There are so many comic book movies to look forward to in 2017 alone, yet from Ranker to Movie Insider, Rolling Stone to Screen Rant, Wonder Woman ranks in the top ten every time. Should we really be surprised by this? Well, yes and no. After her stand-out appearance in Batman V Superman (the only real stand-out, many would say) and some pretty amazing trailers, it seems a done deal that a Wonder Woman movie could be a success.
Yet before this, things were far less certain. The character seemed to be stuck in some kind of vague development hell. She had never appeared in a film of her own, the proposed television series revival was a disaster and even Joss Whedon couldn’t get a movie project off the ground and running.
So, why such difficulty? Perhaps for a couple of reasons.
Firstly, it seemed like nobody really knew what to do with Ms. Diana Prince. She has been represented so many different ways during her long history; from feminist icon to Justice Society secretary; from Linda Carter’s curvaceous pop culture icon to a fierce, no holds barred, Amazonian warrior. With so many iterations, it seemed like nobody really knew how to handle her. Wonder Woman is, generally a household name, everyone has heard of her, but few know the details of her history, origin or powers. The most well know representation of the character probably comes from the 70’s TV series, but this (for all its wonderful, pulp glory) does not even closely resemble the Wonder Woman of today; a brilliant, capable powerhouse, easily the equal of a Superman or Batman. How do you present a character so known, yet whose story is so unfamiliar and fantastical to so many?
Secondly, Wonder Woman is, you know, a chick and stuff.
I’m joking, I’m joking, but how many successful ‘superhero’ films have had a female protagonist headline them? Catwoman? Please. Elektra? Get off the pipe, kid. Tank Girl? Okay, now you’re just taking the piss! Perhaps producers had noticed these box office and critical failings of female-led superhero films and were hesitant in producing a Wonder Woman film earlier. Or maybe they presume only males read comics. After all, only about 26 percent of Marvel and DC’s combined title are lead by female characters (as of January 2017), so will males even want to see a film with a female lead? And if so, how strong should we make her? After all, we don’t want to threaten or emasculate our rough and burly male comic book fans, right?
Or perhaps they completely missed the point in seeing that it was not necessarily because of the female angle or a male readership which sank those previous films, but just the fact that the films were badly made messes which caused them to bomb. A good film is a good film; good characterisation and story will always win out in the end. Look at the responses to her appearance in Batman V Superman; the strength of her character won out. No male felt castrated by the appearance of a strong, female character and even if they did, they’re still going to pony up their hard earned, post-castration cash to see the solo movie.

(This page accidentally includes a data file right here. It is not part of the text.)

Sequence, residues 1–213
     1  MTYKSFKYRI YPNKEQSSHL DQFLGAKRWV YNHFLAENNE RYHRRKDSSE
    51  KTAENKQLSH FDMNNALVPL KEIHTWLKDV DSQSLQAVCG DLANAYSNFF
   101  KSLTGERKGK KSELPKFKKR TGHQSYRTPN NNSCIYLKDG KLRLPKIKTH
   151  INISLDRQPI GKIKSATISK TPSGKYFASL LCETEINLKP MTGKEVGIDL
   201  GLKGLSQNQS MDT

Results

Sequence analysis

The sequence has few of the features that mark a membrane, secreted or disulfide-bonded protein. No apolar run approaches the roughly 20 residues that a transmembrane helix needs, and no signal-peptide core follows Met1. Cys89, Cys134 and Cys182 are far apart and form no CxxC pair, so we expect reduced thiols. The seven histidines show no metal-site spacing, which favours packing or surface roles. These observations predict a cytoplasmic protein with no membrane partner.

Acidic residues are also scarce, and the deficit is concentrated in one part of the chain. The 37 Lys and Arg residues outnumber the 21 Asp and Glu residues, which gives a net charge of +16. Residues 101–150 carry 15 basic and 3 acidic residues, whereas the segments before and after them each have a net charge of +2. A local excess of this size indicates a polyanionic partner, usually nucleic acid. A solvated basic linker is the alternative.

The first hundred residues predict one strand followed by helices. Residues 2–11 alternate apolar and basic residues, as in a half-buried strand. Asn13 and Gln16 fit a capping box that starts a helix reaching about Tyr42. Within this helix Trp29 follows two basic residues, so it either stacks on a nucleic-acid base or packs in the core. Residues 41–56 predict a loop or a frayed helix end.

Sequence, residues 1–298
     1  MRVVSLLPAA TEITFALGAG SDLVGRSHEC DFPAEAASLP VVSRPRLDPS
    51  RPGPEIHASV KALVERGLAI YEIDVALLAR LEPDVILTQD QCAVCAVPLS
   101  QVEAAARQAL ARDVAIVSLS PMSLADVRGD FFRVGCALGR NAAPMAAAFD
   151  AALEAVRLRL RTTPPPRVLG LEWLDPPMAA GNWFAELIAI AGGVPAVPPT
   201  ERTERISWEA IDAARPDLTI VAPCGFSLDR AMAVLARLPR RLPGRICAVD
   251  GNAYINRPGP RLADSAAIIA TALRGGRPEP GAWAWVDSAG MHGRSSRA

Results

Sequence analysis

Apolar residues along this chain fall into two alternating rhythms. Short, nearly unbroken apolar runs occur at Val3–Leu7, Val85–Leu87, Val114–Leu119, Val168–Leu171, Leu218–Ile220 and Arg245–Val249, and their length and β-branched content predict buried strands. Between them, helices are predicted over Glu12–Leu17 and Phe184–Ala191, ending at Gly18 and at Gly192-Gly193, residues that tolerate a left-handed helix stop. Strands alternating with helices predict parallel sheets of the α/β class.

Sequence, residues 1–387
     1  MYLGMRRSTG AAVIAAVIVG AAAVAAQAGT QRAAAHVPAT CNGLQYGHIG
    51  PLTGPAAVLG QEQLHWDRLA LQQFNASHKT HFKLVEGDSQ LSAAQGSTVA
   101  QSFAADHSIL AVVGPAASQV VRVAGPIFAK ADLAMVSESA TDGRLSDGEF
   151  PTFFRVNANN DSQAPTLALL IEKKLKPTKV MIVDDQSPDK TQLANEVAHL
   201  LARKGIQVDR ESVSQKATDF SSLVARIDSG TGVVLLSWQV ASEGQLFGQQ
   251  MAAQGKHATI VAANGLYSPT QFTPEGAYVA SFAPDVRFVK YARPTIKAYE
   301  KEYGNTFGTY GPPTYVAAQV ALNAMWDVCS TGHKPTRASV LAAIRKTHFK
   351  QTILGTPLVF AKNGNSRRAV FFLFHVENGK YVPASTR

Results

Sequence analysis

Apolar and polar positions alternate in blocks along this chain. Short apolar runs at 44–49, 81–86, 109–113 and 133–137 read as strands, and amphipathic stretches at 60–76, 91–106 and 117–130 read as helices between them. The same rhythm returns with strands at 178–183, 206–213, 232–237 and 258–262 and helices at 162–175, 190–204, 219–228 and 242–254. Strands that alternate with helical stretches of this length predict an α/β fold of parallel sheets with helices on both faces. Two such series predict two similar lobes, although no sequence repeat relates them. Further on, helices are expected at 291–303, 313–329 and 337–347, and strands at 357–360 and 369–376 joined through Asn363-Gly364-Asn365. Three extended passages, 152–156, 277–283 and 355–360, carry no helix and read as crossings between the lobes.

So far, there has not been a single female-lead superhero film made by either DC or Marvel as part of their current cinematic universes. This very obviously reflects a certain viewpoint by the folk (mostly men) who produce these projects.
Can Wonder Woman change this outlook?
In many ways, she already has. The fervent buzz and positive word around the trailers and the supposed early screenings shows a massive interest and acceptance of a female lead. Whether the film proves to be a complete artistic success or not has become somewhat redundant; all that will, hopefully, matter to the studios is that there is an audience out there; they are just waiting for a quality product. With Captain Marvel set for a 2019 release, their first female-lead movie, Marvel Studios will obviously be watching Wonder Woman’s release with baited breath.
So what will it mean for the not so humble super-hero film if Wonder Woman is a success? Well, many things.
Firstly, it offers much more diversity, choice, and identification to filmgoers of both sexes. Secondly, it will validate DC/Warner Brothers in the eyes of fans as being capable of producing critically as well as commercially lauded genre films. Thirdly, it unlocks a previously untapped plethora of characters who could carry their own film. Fourthly, and most importantly, it shows superheroes to be what they truly are; human beings not defined by sex, but by their actions. ‘Heroism’ does not recognize gender; it recognizes choices.
Personally, I don’t watch Batman film’s because he has a penis. I am assuming this is not particular to me. I watch a Batman film, any film for that matter because it features an interesting protagonist, an engaging story and a feeling I am being respected as a movie goer. If the upcoming Wonder Woman movie is a success, not only could it change the face of the superhero movie, it could change film completely.